This year has been one of the busiest for my family of three. All of us began new chapters in life. I finished a significant portion of my education, mom has moved on to running a business, and dad switched companies after being in one for 25 years. So, it’s safe to say that all of us are going through our own respective quarter and mid life crises (though the mid-lifers fail to agree that such a phenomenon is hitting them).
I am a ball of questions. Whether its about what to do next, or if what I am doing now is enough, how can I be busier, why am I writing a blog, even am I living my best life? Although, I think of these things constantly, for the most part they are still rhetorical, like thinking about space or life after death— you might find an answer but you may never be too happy by the answer. Anyway, I digress. Since we have been so busy, I find pockets of time to chill with my parents. With my mom, that’s at her gym or late at night when she’s eating dinner on my bed and with dad its during breakfast, or Saturday night dates where we go for movies or make alcohol infused hookahs or spend all his performance bonus to buy a KitchenAid diamond blade mixer to make margaritas (all true dates).
However, there used to be instances when I was a child where we spent a lot of time together. One of my favorite things about the summer was watching TV after dinner. I remember sitting on a sofa watching old VHS reruns of Small Wonder, eating fresh watermelon that we would keep in the freezer before dinner. The fruit would be cold, crisp, and resplendent with flavor. Mom, not a fan of too much sweet, would add rock salt to the watermelon to reduce its sweetness and add a depth profile that kind pushed the fruit to linger in your mouth for a lot longer.
I started making this granita not by thinking about this fond memory but just of creating a quick, easy, dessert with tropical fruit. It was the process of continuously scraping and slowly freezing ice and the constant taste testing that reminded me of continuously opening the fridge and sneaking a piece of watermelon out as dinner was getting ready. The added rock salt was also more to do with my familiarity with the taste than something that I explicitly thought about. As I tasted the granita with every bi-hourly scraping, I would realize the increasing sweetness of the simple syrup overpowering the fruit. And it was that realization that made me want to add the rock salt. I made two versions of the dish, one with a large shot of orange liqueur and one without. Since textures of something like a granita all depend on the quality of the water and the freezing process, it firstly took me double the time because of the immense heat (apparently refrigerators don’t like Delhi summers) and second, the ones without the booze were a lot more crystalline. Maybe I didn’t fork them enough but it didn’t have the softness of snow. The boozy one, while took a whole day to freeze properly, came out perfect. I forked them once every hour for four hours and then let them be in the fridge overnight. The granita came out soft with the perfect balance of watermelon and bitter orange from the booze that almost never freezes but gets soaked into the snow. I topped the dish with some rock salt and a fresh basil leaf from our kitchen garden.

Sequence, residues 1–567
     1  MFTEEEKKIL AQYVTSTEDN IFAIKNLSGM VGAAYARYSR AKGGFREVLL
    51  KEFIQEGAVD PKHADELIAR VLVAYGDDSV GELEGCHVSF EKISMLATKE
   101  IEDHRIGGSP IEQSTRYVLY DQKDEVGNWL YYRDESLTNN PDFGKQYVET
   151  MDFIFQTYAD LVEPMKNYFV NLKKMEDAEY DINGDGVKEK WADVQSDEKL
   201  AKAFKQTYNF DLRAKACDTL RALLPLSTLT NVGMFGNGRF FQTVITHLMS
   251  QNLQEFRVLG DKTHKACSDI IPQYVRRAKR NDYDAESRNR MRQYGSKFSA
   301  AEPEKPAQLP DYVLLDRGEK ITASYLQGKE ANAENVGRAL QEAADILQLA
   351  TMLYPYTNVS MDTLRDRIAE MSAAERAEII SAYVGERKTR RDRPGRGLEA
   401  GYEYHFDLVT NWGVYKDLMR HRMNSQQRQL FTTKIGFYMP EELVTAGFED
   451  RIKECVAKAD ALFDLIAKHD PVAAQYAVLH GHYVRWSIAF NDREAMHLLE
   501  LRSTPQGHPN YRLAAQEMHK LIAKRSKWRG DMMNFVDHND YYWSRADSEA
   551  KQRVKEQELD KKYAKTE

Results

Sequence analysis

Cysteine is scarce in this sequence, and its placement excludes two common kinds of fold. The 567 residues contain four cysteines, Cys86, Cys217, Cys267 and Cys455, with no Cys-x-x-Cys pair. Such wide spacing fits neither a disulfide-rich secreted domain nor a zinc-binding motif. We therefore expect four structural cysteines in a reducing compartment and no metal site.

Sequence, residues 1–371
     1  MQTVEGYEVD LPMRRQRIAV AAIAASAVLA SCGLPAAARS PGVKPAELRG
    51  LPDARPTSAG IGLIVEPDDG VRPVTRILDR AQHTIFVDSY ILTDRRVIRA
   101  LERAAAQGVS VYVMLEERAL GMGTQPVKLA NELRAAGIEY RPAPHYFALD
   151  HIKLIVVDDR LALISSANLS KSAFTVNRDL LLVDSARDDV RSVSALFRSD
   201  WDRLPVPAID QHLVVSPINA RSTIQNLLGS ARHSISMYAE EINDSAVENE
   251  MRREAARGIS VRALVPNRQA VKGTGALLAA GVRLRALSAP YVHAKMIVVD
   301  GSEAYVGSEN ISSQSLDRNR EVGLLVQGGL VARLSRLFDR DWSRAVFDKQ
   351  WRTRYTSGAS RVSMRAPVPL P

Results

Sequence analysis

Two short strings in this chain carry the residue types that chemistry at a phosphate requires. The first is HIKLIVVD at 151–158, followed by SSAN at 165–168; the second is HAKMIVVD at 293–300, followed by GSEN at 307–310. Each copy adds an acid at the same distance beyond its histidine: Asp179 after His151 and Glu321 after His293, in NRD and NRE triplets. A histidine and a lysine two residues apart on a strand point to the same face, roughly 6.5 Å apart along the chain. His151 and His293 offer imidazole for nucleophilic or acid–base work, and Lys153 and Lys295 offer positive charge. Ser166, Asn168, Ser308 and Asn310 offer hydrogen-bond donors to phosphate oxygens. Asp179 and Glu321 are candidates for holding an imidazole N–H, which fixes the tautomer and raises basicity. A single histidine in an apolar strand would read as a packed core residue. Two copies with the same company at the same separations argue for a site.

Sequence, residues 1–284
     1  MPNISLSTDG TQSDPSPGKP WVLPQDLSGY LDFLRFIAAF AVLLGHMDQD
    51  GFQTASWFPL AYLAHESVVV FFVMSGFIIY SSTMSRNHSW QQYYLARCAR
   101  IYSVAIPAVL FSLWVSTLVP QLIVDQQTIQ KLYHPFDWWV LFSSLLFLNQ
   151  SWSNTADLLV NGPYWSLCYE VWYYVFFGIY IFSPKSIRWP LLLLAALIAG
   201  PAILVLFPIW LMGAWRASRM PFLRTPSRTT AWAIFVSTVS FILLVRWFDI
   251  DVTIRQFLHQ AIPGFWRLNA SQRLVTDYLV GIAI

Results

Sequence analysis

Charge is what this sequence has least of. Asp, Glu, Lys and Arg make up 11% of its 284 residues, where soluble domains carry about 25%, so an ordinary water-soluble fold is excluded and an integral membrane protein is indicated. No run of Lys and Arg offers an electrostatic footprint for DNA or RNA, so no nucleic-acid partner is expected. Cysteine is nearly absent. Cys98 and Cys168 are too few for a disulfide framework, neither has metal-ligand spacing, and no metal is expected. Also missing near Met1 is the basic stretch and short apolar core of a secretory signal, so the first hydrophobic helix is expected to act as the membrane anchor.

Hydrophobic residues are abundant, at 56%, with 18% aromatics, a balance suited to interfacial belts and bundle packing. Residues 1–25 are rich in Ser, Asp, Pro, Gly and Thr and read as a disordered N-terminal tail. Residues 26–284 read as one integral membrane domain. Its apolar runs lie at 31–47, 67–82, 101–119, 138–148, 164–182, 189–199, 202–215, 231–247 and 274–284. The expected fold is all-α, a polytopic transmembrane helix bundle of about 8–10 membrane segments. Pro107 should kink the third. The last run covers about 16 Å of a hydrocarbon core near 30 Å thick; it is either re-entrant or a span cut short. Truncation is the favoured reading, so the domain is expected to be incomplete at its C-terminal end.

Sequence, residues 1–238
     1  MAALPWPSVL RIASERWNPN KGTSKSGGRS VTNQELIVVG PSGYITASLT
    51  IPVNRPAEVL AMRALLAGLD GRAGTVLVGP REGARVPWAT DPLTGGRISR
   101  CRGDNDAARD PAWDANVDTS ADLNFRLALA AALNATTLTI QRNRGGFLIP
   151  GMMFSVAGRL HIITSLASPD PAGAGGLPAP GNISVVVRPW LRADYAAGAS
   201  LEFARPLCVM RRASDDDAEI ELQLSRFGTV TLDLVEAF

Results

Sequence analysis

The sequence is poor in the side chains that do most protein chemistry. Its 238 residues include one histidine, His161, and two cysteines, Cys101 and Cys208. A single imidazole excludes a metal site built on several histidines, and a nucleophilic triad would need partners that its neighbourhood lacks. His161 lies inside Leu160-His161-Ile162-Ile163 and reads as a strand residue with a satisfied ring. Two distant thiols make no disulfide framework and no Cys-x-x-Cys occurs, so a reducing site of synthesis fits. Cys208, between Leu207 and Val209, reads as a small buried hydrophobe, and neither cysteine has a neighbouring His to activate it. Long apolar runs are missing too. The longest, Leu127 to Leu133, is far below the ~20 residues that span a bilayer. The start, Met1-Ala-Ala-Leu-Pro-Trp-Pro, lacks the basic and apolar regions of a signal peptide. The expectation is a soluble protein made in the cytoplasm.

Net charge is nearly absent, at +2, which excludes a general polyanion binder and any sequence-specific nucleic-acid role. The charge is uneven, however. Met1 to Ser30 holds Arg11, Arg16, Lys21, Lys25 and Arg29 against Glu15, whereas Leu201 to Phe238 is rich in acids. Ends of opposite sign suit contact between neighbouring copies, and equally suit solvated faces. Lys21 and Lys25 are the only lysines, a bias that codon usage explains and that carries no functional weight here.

Now that I’m back home from my trip to beautiful Greece, I look forward to more summer recipes and spending more together times with the tiny family eating.
Glimpses from the week
There are a lot of shots that I end up taking while creating a new recipe. Though most make their way into my feed on the blog but a few remain unseen. I’ve added a gallery page on the blog now that has a bunch of such pictures and with many more to come! Link in bio 💫 . . . ✋🏼model: @megha.mukherji
3 cups of watermelon cubed with the rind removed (preferably seedless)
1/4 cup of simple syrup (heat down equal parts sugar and water until the sugar is all dissolved)
60 ml orange liqueur (like cointreau)
1 teaspoon salt
2 tablespoons lemon juice
Rock salt as a garnish (optional)
Add all ingredients into a blender and blend for 20 seconds. Strain through a wet double lined cheesecloth to remove the seeds.
Add the juice into a flat baking sheet with walls. The juice should only cover an inch of the pan.
Place in a freezer. Scrape the ice every hour for 4 hours until frozen perfectly.